This element was discovered independently by W. Gregor in Creed, England in 1791 and by M. Klaproth in Berlin in 1795. The name alludes to the Titans, giants in Greek mythology.

Ionization energies
TiI 6.8 eV, TiII 13.6 eV, TiIII 27.5 eV.

Ti is a well-represented element in stellar spectra. In the sun it figures in third place as far as the number of lines is concerned.

Absorption lines of TiI

Table 1. Equivalent widths of TiI

  3998(12) 5020(38)

Group V I V III Ib

F0 0.13 0.223(Ia)      
F2   0.251(Ib)      
F4     0.06    
F6     0.06    
F8     0.06    
G0         0.17
G1     0.11    
G2 0.14        
S 0.110        
G5 0.20   0.09   0.224
K0     0.10 0.128  
K2     0.10   0.28,0.41
K5         0.48

Table 2. Equivalent widths of TiI

  5300(74) 5367(35) 5426(3)


S 0.021   0.002      
K0   0.060        
K2       0.077    
K3   0.132        
M0       0.177 0.18  
M2           0.53(Ia)
M2.5       0.224    
M3         0.30  
M4         0.28  
M5         0.34 0.38(Ib)
M7         (0.44)  

TiI (see for instance the line at 5020) appears in late A-type stars and grows continuously toward later types. A positive luminosity effect exists. The most intense infrared line of TiI is that at 9638(32), which in the sun has W = 0.019.

Figure 56

Absorption lines of TiII

Table 3. Equivalent widths of TiII

  4300(41) 4563(50)

Group V Ib V III Ib

B5 0.01        
B7     0.005    
B9 0.08        
B9.5     0.042    
A0 0.09 0.16      
A1 0.11   0.084    
A2 0.16   0.096   0.563(0)
A3   0.18      
A7 0.19   0.19    
F0 0.34   0.22 0.27(II) 0.692(Ia)
F2         0.524
F4     0.23    
F5   0.27 0.19   0.42
F6     0.19    
F8     0.15   0.54
GO     0.14    
G1     0.21    
G2     0.12    
S 0.166   0.120    
G5     0.18    
G8     0.16(1V)    
K0     0.19 0.21(III)  
K2     0.16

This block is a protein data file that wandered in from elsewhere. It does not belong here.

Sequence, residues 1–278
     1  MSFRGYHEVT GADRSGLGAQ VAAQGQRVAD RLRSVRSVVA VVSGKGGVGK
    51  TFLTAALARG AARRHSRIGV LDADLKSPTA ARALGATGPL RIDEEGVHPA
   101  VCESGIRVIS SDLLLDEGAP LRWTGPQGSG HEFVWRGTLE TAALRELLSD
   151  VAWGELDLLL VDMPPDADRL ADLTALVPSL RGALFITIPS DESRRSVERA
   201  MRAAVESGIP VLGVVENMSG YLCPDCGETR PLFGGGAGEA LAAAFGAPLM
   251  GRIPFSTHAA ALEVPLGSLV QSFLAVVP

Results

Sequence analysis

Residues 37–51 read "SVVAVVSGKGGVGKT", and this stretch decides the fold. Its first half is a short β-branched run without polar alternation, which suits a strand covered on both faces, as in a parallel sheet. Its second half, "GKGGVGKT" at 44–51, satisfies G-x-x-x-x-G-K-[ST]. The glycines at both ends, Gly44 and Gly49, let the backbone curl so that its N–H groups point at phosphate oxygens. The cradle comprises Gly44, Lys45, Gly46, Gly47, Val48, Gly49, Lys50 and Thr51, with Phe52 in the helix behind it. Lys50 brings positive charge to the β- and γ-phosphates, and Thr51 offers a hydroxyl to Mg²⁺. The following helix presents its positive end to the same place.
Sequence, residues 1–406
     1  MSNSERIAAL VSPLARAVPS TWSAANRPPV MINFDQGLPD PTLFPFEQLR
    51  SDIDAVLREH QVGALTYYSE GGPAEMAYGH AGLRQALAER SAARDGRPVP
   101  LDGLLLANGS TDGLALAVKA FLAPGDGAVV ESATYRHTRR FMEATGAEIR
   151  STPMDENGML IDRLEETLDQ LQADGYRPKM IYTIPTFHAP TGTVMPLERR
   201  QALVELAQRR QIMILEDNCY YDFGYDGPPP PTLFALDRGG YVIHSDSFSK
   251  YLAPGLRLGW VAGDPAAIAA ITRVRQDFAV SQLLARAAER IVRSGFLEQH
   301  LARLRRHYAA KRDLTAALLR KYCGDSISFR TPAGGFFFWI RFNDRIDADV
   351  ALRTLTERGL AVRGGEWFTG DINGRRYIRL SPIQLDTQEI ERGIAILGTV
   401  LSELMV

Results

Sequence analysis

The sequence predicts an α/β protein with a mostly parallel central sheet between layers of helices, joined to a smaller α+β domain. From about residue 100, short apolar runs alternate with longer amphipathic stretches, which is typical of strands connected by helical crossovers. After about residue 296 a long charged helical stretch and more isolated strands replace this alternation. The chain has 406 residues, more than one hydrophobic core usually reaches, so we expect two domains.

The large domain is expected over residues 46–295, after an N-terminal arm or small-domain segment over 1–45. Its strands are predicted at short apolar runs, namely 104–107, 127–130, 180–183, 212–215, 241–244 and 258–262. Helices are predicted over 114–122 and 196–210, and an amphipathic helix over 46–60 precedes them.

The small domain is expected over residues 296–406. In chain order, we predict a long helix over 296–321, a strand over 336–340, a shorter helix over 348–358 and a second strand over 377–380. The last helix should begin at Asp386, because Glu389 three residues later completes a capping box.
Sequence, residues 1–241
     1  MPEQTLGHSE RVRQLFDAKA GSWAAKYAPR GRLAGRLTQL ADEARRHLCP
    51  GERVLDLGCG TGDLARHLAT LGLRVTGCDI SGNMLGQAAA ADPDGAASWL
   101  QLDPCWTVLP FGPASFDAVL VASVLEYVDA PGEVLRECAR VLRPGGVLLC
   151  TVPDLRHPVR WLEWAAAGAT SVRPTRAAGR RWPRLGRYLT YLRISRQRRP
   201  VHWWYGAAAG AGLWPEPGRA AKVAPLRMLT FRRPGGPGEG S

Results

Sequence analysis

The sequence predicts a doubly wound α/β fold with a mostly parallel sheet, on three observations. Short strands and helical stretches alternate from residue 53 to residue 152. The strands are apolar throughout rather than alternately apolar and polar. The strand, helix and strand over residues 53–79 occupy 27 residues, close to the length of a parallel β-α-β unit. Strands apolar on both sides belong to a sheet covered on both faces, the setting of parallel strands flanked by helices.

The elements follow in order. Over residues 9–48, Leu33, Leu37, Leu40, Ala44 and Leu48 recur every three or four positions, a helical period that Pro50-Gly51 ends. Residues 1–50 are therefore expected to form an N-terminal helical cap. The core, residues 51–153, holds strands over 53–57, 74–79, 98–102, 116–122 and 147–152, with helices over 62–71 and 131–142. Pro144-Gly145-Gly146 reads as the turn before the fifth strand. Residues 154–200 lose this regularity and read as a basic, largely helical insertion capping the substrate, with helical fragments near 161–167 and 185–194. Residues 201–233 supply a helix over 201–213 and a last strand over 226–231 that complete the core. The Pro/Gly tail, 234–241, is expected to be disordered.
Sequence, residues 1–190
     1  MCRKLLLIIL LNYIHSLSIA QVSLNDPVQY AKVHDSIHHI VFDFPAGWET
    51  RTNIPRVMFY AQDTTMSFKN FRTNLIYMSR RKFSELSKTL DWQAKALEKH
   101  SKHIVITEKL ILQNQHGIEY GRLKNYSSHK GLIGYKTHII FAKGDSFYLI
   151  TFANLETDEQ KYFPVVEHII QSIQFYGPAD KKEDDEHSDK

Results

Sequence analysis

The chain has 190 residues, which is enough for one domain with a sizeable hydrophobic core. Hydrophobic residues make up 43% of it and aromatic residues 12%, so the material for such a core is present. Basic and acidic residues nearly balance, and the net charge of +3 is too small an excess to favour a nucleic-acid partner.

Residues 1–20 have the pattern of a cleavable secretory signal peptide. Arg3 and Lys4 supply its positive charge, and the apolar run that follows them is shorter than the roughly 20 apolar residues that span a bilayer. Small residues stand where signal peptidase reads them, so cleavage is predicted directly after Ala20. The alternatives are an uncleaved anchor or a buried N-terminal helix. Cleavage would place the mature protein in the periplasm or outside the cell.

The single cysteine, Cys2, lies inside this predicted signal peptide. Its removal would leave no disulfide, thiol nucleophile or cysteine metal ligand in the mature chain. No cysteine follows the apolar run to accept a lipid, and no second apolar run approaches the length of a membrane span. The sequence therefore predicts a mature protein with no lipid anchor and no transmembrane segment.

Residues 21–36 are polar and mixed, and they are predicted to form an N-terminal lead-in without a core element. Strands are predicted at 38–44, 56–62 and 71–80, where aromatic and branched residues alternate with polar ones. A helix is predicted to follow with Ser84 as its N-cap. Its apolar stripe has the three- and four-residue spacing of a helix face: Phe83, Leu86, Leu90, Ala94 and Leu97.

K5     0.16    

Table 4. Equivalent widths of TiII

  5185(86) 5337(69)

Group V III Ib V III

G0     0.25    
G1     0.224,0.273    
S 0.058     0.071  
G2     0.19    
G5     0.19,0.194    
G8 0.077(IV)   0.220   0.091
K0   0.097     0.118
K2   0.097 0.16,0.254    
K3         0.135
K5     0.18,0.263    
M0   0.17      
M2     0.346    

TiII (see the lines at 4300 and 4563) appears in mid-B-type and increases toward a flat maximum for F-type, although the lines persist up to type M. There is a strong positive luminosity effect.

Figure 57

The resonance line is at 3349(1).

Figure 58

Emission lines of Till
Several multiples of Ti II are seen in emission in T Tau stars Joy 1945). In long-period variables, the lines at 3759-61(13) appear in emission near maximum (Merrill 1947) and in R CrB stars (Merrill l951b). Weak emissions occur frequently in stars that present strong emission lines of Fe II, for instance B[e] stars (Allen and Swings 1976).

Behavior in non-normal stars
TiII lines are frequently strong in shell spectra.

Ti III is present in at least one Ap star (Bidelman 1966).

In the lambda Boo stars, Ti II lines are weaker than in normal stars by factors of about two (Venn and Lambert 1990).

Ti has been found to be slightly overabundant with respect to Fe in metal-weak stars (Magain 1989), by a factor of the order of two, and this also seems to be the case for globular cluster stars (Wheeler et al. 1989, Francois 1991).

Strong TiII absorption lines appear in the spectra of supernovae of class II (Branch 1990).

Ti has five stable isotopes, namely Ti46, 47, 48, 49 and 50, and four short-lived ones. In the solar system the frequencies of the stable isotopes are respectively 8%, 7%, 74%, 5% and 5%.

Clegg et al. (1979) have investigated the relative frequency of the isotopes through an analysis of the TiO molecular bands, using the gamma (0,0) lines in the region around 7070. They examined a sample of 11 1ate (> K5) dwarfs and giants, including a few MS and one Sstar. The relative abundance of the isotopes seems to be solar. This confirms the earlier conclusion of Herbig (1948) of there being a solar-type distribution of isotopes in M-type stars.

Ti 46, 47, 48 and 49 are produced by explosive nucleosynthesis, whereas Ti50 arises from the nuclear statistical equilibrium process.

Published in "The Behavior of Chemical Elements in Stars", Carlos Jaschek and Mercedes Jaschek, 1995, Cambridge University Press.